UNICEF, SFH, HIV AYP Programme and the Success Story in Kaduna Communities
UNICEF, SFH, HIV AYP Programme and the Success Story in Kaduna Communities
By ALEX UANGBAOJE
Recently, the United Nations Children’s Fund (UNICEF) and Society for Family Health (SFH) with the supervision of Kaduna State AIDS Control Agency (KADSACA), recorded a huge success in Adolescents and Young People (AYP), HIV service delivery and prevention programme, in both Jama’a and Jaba Local Government Areas of Kaduna State.
The eighteen months (18) programme which started October 2014, was conceptualised and designed by UNICEF and SFH because of the alarming increase in HIV prevalence in the two LGAs according to available data in the state ministry of health.
According to the state ministry of health report, Jama’a and Jaba LGAs has the highest HIV prevalence of 9.2% in 2011 and 7.7, 7.0% in 2012 respectively, which necessitated the pilot of HIV comprehensive service uptake for AYPs in the two LGAs.
In the course of the 18 months period of the programme, discoveries were made during counselling and testing. For instance, the perception that created fears in the minds of AYPs in the two LGAs, and has over time restricted them from knowing their status, that is; the believe that almost everybody was HIV positive changed.
This is because at the end of the programme, the new findings shows a drastic reduction in HIV prevalence rather than the increase as presented by the state ministry of health.
Speaking of the decline, AYP programme manager, Barnabas Anthony, field officer, SFH Kaduna Field Office, said that what’s on ground is far different from the records of paper.
According to him, “at the end of March 2016, we tested about 57,000 people and out of the 57,000 we only got 125 people who were tested positive, which suggest that some of the findings we have seen from surveys which says that Jama’a and Jaba have increasing prevalence rate might not be to correct.
“What we saw from the field was not really so, but again we try to find out what exactly is responsible for this survey, sometimes you test about 100 people you hardly get 2 or 3 positive. But some of the argument the Demand Creators and Counsellor Testers presented is that it could be that when these surveys were done then, probably the AYPs that were there then might have gone to the city for greener pasture, so they are no longer on ground.
“Secondly, what they also mentioned was that some of the AYPs already know they are positive as a result refused to turn up for testing, they also mentioned that some of the people that still come out to test, as you know in this part of the world, some people believe in prayers for healing. So after they may have gone to prayer houses and are declared free, now they want to know their current status.”
This new revelation was what prompted a traditional chief at the close out meeting of the AYP programme in Kwoi, Jaba LGA, to ask the organisers a passionate question, which is; “what is the current status of HIV/AIDS in our community now in percentage, can you please us?” this Barnabas said the programme can not be an authority to determine the current percentage as there are authorities saddled with that responsibility.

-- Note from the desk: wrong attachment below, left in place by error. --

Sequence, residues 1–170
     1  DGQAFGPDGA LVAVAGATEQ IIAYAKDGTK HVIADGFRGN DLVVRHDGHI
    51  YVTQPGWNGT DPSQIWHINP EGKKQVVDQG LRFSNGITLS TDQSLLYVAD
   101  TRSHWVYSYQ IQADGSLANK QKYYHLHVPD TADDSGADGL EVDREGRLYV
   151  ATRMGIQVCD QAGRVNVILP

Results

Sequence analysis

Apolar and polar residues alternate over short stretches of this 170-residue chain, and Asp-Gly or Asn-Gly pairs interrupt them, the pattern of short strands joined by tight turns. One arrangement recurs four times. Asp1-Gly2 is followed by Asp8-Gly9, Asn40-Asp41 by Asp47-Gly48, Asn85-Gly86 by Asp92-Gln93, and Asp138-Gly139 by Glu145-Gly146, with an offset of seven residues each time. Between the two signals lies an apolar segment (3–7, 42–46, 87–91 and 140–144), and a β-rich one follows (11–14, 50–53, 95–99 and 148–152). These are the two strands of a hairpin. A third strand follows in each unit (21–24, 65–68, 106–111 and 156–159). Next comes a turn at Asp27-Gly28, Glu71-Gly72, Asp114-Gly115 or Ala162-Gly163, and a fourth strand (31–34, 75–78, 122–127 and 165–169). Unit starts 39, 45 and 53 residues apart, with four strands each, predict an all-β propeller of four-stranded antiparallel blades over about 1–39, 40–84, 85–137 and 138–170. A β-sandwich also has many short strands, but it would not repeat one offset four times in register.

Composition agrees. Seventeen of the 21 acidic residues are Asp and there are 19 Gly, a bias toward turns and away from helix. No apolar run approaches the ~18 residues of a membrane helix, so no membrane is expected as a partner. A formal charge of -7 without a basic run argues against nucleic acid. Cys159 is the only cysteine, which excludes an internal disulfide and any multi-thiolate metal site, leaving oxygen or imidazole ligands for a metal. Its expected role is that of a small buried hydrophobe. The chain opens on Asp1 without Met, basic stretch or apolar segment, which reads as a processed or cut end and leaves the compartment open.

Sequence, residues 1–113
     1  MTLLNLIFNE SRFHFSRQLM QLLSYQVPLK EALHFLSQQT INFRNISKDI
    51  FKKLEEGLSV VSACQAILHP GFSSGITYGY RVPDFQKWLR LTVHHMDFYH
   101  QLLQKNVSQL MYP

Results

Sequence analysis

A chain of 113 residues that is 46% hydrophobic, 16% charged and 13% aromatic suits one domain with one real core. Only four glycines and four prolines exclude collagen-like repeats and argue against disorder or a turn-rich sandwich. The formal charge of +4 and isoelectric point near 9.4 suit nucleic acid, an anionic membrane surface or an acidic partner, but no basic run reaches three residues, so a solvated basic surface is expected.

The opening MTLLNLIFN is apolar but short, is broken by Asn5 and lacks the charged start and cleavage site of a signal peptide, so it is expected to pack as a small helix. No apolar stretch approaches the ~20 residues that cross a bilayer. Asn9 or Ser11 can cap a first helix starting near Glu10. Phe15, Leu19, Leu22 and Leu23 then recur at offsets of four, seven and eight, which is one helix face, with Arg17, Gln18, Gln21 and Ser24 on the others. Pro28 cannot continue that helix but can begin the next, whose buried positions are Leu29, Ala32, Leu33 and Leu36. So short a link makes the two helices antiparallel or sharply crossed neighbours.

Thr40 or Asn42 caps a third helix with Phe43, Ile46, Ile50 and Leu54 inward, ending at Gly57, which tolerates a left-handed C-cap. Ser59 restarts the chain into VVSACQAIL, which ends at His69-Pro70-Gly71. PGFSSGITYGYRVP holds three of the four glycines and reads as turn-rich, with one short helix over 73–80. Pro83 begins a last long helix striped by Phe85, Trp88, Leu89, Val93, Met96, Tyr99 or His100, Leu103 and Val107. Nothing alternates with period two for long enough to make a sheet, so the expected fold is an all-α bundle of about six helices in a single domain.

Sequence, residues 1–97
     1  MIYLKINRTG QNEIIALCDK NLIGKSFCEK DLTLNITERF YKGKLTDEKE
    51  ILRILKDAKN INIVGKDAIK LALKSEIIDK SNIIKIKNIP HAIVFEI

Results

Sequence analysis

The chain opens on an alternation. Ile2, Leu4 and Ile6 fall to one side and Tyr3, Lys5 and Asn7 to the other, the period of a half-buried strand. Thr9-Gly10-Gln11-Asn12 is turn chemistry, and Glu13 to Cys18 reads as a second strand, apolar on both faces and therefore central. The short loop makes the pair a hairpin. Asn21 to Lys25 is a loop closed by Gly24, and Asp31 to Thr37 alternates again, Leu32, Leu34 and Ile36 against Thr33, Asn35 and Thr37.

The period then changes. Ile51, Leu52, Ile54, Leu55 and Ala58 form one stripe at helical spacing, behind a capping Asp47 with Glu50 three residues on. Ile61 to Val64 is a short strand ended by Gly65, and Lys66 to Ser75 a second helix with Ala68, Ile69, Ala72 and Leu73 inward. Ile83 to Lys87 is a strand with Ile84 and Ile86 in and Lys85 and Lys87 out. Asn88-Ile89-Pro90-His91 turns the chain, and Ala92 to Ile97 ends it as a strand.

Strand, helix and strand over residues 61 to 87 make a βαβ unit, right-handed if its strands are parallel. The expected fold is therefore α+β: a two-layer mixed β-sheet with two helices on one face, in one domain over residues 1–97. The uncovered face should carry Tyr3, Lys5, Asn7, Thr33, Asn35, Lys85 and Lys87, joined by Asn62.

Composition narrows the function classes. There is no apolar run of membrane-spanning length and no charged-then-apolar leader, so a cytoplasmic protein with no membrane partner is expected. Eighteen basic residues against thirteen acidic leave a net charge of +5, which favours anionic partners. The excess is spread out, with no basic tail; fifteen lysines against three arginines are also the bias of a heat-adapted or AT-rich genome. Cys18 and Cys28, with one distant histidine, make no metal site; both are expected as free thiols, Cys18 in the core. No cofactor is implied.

But worthy of note is the fact that UNICEF and SFH committed their resources to a programme directly targeted at AYPs a feat the Jaba LGA, Caretaker Committee Chairman, Hon. Ben Kure admitted has never happened in the LGA since creation.
Kure who was represented by his Vice, Hon. Kennedy Dsuwa noted that “before the intervention of UNICEF and SFH there has never been partners supporting the LGA in the area of youth HIV programme.
”Indeed the youths are the backbone of every society, this inform the need for them to be targeted with appropriate HIV interventions to protect the future generation. Successive LG administrations did not give this programme the much needed support to ensure sustainability.
”Let me use this opportunity to commend UNICEF and SFH for deeming it fit to initiate this laudable programme in order to reduce the spread of HIV among AYPs in Jaba LGA.
“I have no doubt in my mind that many of our youths got to know their HIV status and are now adopting appropriate behaviour to remain HIV free while those that are infected now have access to treatment. This has indeed averted uncountable, untimely and unnecessary deaths.”
Another area of commendation for organisers of the programme is the impact made on the behavioural pattern of the AYPs. For example, in a brief discussion with one of the beneficiaries, 18years Adams Mercy who before the commencement of the programme was involved in multiple sexual relationship said she discovered the danger in having sexual relationship before marriage.